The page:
Standard therapies for heart failure with preserved ejection fraction (HFpEF) have been unsuccessful, demonstrating that the contribution of the underlying diastolic dysfunction pathophysiology differs from that of systolic dysfunction in heart failure and currently is far from being understood. Complicating the investigation of HFpEF is the contribution of several comorbidities. Here, we selected three established rat models of diastolic dysfunction defined by three major risk factors associated with HFpEF and researched their commonalities and differences. The top differentially expressed genes in the left ventricle of Dahl salt sensitive (Dahl/SS), spontaneous hypertensive heart failure (SHHF), and diabetes 1 induced HFpEF models were derived from published data in Gene Expression Omnibus and used for a comprehensive interpretation of the underlying pathophysiological context of each model. The diversity of the underlying transcriptomic of the heart of each model is clearly observed by the different panel of top regulated genes: the diabetic model has 20 genes in common with the Dahl/SS and 15 with the SHHF models. Advanced analytics performed in Ingenuity Pathway Analysis (IPA (R)) revealed that Dahl/SS heart tissue transcripts triggered by upstream regulators lead to dilated cardiomyopathy, hypertrophy of heart, arrhythmia, and failure of heart. In the heart of SHHF, a total of 26 genes were closely linked to cardiovascular disease including cardiotoxicity, pericarditis, ST-elevated myocardial infarction, and dilated cardiomyopathy. IPA Upstream Regulator analyses revealed that protection of cardiomyocytes is hampered by inhibition of the ERBB2 plasma membrane-bound receptor tyrosine kinases. Cardioprotective markers such as natriuretic peptide A (NPPA), heat shock 27 kDa protein 1 (HSPB1), and angiogenin (ANG) were upregulated in the diabetes 1 induced model; however, the model showed a different underlying mechanism with a majority of the regulated genes involved in metabolic disorders. In conclusion, our findings suggest that multiple mechanisms may contribute to diastolic dysfunction and HFpEF, and thus drug therapies may need to be guided more by phenotypic characteristics of the cardiac remodeling events than by the underlying molecular processes.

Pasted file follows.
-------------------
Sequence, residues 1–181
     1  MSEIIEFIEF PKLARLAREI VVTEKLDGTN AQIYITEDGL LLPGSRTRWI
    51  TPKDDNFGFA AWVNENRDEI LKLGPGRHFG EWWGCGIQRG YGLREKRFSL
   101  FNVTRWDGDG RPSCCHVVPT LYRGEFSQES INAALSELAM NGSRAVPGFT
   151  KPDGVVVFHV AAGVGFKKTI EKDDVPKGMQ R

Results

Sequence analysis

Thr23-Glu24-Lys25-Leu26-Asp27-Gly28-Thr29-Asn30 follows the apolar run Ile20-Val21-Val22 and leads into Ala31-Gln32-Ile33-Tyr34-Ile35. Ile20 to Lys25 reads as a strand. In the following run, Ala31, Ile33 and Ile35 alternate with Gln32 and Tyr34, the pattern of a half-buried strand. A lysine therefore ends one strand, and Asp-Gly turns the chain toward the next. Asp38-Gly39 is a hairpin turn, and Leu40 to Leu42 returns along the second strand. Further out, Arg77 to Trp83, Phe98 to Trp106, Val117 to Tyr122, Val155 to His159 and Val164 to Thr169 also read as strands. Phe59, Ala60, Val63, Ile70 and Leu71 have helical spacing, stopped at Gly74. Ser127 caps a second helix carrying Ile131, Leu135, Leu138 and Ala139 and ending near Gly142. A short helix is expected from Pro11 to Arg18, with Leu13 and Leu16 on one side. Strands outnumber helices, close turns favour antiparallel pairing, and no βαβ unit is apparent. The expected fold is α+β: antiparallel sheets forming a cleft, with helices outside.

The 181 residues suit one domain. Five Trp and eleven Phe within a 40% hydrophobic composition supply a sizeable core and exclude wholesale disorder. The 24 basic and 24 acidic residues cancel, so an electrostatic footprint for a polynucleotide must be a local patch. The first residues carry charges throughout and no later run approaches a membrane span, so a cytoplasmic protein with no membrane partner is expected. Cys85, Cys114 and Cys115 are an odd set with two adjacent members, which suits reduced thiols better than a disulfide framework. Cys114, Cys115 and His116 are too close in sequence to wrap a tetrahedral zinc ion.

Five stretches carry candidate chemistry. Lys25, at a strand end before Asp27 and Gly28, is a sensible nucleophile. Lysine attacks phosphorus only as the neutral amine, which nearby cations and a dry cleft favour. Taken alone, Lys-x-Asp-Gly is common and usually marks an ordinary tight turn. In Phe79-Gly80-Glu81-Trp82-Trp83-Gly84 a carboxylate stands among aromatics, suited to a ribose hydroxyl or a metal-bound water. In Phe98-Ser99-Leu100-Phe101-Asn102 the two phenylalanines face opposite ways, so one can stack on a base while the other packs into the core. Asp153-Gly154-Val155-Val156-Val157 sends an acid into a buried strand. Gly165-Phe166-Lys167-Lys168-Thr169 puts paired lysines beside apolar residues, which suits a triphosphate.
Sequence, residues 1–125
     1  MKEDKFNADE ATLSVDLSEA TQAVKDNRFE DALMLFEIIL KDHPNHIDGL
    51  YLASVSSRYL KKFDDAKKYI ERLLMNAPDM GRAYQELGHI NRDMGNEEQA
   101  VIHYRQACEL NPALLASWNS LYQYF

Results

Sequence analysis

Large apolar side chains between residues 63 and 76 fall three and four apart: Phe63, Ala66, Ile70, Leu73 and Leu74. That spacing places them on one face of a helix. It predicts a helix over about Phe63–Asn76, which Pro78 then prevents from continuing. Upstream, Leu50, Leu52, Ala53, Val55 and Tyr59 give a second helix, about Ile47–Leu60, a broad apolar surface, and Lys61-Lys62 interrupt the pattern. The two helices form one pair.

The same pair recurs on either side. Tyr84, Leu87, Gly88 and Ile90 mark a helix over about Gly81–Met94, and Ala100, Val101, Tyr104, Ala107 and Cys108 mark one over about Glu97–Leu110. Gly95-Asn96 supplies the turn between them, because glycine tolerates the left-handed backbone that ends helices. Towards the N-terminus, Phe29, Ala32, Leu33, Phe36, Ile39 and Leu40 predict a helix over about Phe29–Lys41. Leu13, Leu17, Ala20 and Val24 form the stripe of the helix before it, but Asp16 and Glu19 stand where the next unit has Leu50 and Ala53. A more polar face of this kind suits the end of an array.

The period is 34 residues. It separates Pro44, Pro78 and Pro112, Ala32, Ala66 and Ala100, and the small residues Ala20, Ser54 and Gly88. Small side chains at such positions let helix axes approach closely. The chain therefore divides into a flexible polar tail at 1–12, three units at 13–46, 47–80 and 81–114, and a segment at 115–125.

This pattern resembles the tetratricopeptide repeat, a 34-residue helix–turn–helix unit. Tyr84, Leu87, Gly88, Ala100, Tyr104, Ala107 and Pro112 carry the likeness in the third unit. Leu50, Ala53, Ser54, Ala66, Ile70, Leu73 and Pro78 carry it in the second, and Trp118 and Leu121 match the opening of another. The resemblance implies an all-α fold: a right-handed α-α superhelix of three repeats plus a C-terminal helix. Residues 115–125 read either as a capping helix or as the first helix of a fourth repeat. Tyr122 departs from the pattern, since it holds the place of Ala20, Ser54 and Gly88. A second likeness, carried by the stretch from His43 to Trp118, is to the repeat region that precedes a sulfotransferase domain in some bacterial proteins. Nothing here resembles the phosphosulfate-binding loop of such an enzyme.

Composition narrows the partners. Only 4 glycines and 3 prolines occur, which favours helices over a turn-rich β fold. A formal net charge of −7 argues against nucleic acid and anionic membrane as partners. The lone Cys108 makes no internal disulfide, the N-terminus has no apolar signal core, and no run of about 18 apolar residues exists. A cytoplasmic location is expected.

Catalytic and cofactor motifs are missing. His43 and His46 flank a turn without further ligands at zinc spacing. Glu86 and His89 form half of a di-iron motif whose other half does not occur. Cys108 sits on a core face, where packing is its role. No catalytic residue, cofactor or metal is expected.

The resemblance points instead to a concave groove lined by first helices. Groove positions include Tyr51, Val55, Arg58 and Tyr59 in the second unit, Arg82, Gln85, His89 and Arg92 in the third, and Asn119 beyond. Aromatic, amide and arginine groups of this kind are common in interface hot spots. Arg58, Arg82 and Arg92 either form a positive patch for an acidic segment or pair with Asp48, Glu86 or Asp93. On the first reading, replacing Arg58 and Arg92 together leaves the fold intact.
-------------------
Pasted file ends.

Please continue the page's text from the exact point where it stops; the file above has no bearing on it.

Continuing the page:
- metabolic disease
- endothelial and microvascular dysfunction
- heart failure
- PRESERVED EJECTION FRACTION
- SPONTANEOUSLY HYPERTENSIVE-RATS
- GROWTH-FACTOR RECEPTOR
- CARDIOMYOCYTE HYPERTROPHY